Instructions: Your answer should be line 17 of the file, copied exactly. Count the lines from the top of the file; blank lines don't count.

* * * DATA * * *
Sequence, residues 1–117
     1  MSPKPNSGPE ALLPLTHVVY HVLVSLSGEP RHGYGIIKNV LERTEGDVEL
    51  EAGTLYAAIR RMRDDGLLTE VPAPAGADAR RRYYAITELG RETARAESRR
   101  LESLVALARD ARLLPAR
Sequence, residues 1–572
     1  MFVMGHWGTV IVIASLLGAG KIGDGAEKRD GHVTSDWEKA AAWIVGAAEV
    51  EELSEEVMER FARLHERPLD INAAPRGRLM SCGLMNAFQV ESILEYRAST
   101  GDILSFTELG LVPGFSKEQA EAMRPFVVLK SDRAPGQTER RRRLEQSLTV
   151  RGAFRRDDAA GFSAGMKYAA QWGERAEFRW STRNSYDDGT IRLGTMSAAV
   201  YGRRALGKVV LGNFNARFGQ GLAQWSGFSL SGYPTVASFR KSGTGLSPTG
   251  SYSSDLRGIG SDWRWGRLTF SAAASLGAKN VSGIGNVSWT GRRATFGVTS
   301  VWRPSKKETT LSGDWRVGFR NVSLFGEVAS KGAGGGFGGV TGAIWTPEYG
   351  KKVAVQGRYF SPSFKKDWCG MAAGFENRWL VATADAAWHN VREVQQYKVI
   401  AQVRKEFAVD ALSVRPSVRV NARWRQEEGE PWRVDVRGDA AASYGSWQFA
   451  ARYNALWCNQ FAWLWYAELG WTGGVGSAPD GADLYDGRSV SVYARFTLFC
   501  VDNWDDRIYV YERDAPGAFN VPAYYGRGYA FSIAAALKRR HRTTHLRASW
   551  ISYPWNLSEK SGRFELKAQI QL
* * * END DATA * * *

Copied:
   551  ISYPWNLSEK SGRFELKAQI QL